The Telegraph
Since 1st March, 1999
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Relief tinges tragedy

Washington, April 17: Relief among Indian Americans that the gunman who perpetrated the deadliest shooting in US history was not of Indian origin was tempered by news that a professor from Tamil Nadu was among the victims and that more of their compatriots may be among the dead or injured.

Police said the shooter was Cho Seung-Hui, a 23-year-old South Korean who is a legal US resident, and that ballistics tests showed one gun had been used in both attacks in which 32 people died before the gunman killed himself. Cho chained doors to prevent the victims from escaping, officials said.

The relief over the identity of the gunman stems from several violent incidents by persons of Indian origin on North American campuses, which were beginning to give the community a bad name.

Among the recent incidents that stand out are one in September last year when Kimveer Gill killed a person and injured 19 at Montreal’s Dawson College and an earlier rampage by Calcutta-born Biswanath Halder at Cleveland’s Case Western Reserve University.

G.V. Loganathan, 51 — a civil and environmental engineering professor at Virginia Tech — was sometimes affectionately referred to by colleagues as the “Lord of the World”. That was because, he often explained to Americans, his rather difficult Tamil name was made up of two words: ulagam or world and nathan for master or lord.

Ramesh Rao, a professor at Longwood University — also in Virginia — today sent out an essay on the shooting to journalists here, which identified Minal Panchal, said to be missing after yesterday’s melee, as a former student of Central Florida University. Rao said Panchal is also a member of Sigma Gamma Tau, an honour society that recognises excellence in aerospace engineering.

Much of the relief effort at the ill-fated university was being co-ordinated by Ishwar K. Puri, head of the department of engineering science and mechanics at Virginia Tech.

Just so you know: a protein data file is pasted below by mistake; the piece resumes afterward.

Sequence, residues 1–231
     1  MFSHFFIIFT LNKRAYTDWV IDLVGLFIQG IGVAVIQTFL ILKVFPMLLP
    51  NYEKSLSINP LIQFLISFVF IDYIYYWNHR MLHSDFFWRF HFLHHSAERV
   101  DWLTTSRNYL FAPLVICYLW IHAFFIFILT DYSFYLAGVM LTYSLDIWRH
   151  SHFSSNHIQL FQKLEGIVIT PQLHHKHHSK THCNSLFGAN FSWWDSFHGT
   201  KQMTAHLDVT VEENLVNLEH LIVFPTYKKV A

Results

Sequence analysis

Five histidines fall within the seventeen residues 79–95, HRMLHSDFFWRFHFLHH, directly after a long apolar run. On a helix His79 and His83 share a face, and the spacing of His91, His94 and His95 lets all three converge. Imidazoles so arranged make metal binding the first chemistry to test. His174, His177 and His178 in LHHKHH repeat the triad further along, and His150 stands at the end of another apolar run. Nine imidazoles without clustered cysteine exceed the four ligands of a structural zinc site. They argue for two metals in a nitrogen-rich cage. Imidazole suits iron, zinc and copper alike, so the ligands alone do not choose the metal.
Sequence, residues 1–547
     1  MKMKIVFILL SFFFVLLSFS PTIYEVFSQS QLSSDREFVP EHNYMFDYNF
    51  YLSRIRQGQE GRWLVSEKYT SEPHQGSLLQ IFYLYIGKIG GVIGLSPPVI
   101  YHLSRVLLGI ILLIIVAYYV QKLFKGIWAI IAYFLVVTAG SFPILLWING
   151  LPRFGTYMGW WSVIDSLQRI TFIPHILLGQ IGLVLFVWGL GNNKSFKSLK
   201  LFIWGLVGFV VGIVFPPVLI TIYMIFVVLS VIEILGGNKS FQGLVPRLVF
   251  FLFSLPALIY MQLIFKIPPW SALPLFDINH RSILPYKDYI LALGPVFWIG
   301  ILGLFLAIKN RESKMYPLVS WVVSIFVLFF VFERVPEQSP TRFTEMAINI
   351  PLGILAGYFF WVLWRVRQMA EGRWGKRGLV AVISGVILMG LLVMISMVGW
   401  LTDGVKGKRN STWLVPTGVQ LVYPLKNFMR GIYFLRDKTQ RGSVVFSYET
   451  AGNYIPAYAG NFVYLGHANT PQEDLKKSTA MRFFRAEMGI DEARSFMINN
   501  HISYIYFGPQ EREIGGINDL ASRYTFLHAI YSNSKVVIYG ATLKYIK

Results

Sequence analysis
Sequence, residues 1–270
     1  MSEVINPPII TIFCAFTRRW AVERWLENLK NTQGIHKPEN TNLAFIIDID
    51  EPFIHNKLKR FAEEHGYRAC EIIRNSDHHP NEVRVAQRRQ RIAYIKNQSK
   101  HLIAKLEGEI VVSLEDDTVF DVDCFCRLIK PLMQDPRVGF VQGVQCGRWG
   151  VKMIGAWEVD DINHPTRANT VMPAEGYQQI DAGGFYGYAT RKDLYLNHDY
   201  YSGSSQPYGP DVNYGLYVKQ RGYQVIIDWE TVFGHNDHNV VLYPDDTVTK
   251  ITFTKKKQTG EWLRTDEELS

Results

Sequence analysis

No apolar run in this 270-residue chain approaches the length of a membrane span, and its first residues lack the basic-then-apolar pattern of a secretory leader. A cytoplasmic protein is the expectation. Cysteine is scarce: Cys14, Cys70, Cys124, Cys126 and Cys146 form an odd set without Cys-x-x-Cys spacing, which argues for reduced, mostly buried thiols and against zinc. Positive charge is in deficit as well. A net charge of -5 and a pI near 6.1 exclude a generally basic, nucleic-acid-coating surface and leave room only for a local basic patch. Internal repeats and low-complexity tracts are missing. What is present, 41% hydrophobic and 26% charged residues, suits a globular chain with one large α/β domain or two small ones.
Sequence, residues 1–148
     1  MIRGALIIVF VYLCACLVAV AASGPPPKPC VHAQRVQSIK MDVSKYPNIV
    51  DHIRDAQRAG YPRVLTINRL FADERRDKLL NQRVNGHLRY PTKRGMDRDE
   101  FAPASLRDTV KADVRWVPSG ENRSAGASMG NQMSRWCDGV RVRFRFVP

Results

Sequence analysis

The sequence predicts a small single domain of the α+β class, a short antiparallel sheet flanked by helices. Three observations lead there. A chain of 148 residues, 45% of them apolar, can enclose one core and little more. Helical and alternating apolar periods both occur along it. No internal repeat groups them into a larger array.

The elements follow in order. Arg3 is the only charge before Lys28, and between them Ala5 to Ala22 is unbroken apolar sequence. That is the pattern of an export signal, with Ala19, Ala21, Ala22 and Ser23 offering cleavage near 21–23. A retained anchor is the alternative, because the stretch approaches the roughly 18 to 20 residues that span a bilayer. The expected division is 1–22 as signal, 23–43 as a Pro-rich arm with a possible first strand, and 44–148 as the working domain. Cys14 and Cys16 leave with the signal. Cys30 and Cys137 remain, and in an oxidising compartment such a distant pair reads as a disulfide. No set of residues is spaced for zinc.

The responsibility has fallen on Puri, a mechanical engineering graduate from Delhi University, because the second shooting incident that took the lives of all but two victims occurred in Norris Hall — the building which houses the Indian-origin professor’s department.

“One expects a strong Indian contingent in any engineering college in the US,” according to Rao. He puts the figure of Indian students in American engineering universities he is familiar with at 500.

Ajitpal Singh Raina, one of three students appointed by the Indian Student Association of Virginia Tech to provide information, has been telling reporters that the strength of the Indian community at the university totals about 700. Of these, some 500 are said to be students, while the rest is made up of university staff and families.

Although Panchal, who is from Mumbai, is said to be missing, the association said that “as of now, we do not have any news of any Indian student being part of the casualities”.

Kumar Malika, a professor at Virginia Tech and faculty adviser to the Indian student association, told the media that although the shooting occurred shortly after 9 am and killed the Indian professor, it was not until evening that information about his death was conveyed to Loganathan’s family.

Shoddy handling by the police and university authorities is certain to become an issue in the coming days because of the widespread belief that efficiency and speed could have prevented many deaths.

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